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Tax plan to entice emigrants home hits Budget snag


The Department of Finance has rejected claims in a NGO report

The Department of Finance has rejected claims in a NGO report

The Department of Finance has rejected claims in a NGO report

Plans to include incentives in the Budget aimed at luring emigrants back to Ireland have become a sticking point for the Coalition.

Taoiseach Enda Kenny has repeatedly signalled his intention to introduce measures to encourage many of the more than 200,000 young people who left the country at the height of the recession to return.

Mr Kenny said during the summer that emigrants are not coming home because they fear they will get "screwed" for tax.

As a result, it was widely expected that Finance Minister Michael Noonan would use Budget 2016 to make a direct plea to those people.

The Government has examined the possibility of rolling out a tax incentive for those considering returning home, the Irish Independent understands. However, officials at the Department of Finance are concerned that any specific tax measures aimed at ex-pats could antagonise taxpayers who stayed at home and worked through years of austerity.

A Government source said: "It doesn't look like we can introduce a tax incentive as it wouldn't be fair on people working here.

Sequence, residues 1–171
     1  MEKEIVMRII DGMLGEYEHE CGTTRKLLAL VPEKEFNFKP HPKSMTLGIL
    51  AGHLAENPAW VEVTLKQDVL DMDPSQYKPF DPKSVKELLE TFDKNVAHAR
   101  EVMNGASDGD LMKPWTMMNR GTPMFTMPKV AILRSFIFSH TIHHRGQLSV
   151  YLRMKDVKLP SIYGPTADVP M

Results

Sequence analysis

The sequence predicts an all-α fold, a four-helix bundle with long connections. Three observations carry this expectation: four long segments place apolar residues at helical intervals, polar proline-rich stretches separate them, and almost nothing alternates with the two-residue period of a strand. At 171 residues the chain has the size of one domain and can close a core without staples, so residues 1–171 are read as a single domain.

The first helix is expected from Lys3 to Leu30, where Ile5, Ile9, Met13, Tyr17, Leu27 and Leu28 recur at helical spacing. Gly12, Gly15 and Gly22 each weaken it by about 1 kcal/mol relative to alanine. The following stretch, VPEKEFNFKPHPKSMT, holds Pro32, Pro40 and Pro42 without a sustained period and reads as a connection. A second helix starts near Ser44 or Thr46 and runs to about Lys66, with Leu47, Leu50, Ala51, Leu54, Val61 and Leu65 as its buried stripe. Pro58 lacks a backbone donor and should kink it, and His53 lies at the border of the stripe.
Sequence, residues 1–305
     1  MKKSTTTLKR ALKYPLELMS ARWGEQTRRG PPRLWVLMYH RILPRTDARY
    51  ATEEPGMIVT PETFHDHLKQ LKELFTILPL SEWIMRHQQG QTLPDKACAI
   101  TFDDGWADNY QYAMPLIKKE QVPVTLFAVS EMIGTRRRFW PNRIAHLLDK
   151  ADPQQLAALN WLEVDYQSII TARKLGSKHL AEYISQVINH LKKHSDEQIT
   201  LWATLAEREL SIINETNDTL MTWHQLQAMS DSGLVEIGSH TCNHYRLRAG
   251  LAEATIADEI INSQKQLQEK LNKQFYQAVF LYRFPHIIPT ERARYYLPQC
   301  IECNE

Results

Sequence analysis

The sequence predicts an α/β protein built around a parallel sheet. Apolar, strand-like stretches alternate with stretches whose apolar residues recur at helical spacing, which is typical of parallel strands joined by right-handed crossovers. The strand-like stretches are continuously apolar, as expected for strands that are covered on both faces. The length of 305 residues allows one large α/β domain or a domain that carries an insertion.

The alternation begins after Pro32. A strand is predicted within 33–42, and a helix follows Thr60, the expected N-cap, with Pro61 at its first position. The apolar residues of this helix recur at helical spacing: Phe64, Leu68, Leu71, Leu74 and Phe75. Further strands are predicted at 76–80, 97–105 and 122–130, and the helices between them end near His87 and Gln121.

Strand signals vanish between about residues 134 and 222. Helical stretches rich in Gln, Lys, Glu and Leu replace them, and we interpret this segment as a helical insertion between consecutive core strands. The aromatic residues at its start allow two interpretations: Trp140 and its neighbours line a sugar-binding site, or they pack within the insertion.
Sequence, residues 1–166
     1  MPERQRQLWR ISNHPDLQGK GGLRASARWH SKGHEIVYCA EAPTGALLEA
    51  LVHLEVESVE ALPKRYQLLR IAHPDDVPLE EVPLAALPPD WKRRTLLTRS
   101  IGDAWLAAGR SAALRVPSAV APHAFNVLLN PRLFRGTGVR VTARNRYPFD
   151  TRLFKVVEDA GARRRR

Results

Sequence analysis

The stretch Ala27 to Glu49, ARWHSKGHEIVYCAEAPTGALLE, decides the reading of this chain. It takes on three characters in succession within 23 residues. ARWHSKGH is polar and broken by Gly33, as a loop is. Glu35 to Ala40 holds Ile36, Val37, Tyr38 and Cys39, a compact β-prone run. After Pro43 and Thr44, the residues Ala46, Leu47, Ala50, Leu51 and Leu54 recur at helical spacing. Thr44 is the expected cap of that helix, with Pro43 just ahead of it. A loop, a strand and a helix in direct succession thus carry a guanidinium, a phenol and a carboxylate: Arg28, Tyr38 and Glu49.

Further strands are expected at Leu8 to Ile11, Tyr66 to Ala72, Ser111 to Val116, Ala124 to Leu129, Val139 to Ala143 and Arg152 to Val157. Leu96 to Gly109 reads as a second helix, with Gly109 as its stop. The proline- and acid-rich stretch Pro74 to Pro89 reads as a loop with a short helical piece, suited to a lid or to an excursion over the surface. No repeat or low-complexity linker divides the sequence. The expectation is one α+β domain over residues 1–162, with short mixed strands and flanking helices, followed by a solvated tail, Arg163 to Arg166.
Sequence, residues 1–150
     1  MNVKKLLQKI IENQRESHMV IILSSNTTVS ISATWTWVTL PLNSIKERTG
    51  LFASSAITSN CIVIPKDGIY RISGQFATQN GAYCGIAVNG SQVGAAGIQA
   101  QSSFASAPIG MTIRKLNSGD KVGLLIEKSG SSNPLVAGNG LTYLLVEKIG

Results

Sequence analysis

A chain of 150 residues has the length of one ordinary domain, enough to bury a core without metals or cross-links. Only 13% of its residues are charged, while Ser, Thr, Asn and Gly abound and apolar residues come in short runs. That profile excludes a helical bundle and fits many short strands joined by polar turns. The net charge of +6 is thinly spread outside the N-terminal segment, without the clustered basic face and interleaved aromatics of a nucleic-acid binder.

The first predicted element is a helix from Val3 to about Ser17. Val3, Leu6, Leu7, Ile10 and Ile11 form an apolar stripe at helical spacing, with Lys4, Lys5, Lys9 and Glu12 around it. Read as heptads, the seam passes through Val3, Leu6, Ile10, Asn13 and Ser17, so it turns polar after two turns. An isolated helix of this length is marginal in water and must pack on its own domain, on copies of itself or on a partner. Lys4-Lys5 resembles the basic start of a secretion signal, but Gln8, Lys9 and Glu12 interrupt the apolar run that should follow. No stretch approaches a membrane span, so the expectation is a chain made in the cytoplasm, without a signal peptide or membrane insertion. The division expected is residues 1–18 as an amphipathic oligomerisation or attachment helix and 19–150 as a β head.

"We still want to do something for emigrants but it hasn't been decided what is possible at this stage."

Budget talks will intensify this week as the Dáil returns from the summer recess.

It now seems likely that Mr Noonan will use his speech on October 13 to stress to emigrants that taxes such as the USC are falling and will continue to do so as the economy recovers.

Latest figures show that net migration (immigration minus emigration) was still in negative territory in the year to April 2015. However, the gap is getting smaller.

Over that period, 81,000 people emigrated (of which 35,000 were Irish nationals) and 69,000 immigrated (12,000 were Irish).

The Taoiseach has said he wants 2016 to be "our own year of family reunification, where our children come home at last from Melbourne or London or New York".

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Earlier this year, the HSE began a campaign aimed at encouraging Irish nurses and midwives to return home.

They hope to recruit 500 workers by offering a relocation package of up to €1,500, paying first-time nursing registration fees and funding postgraduate education.

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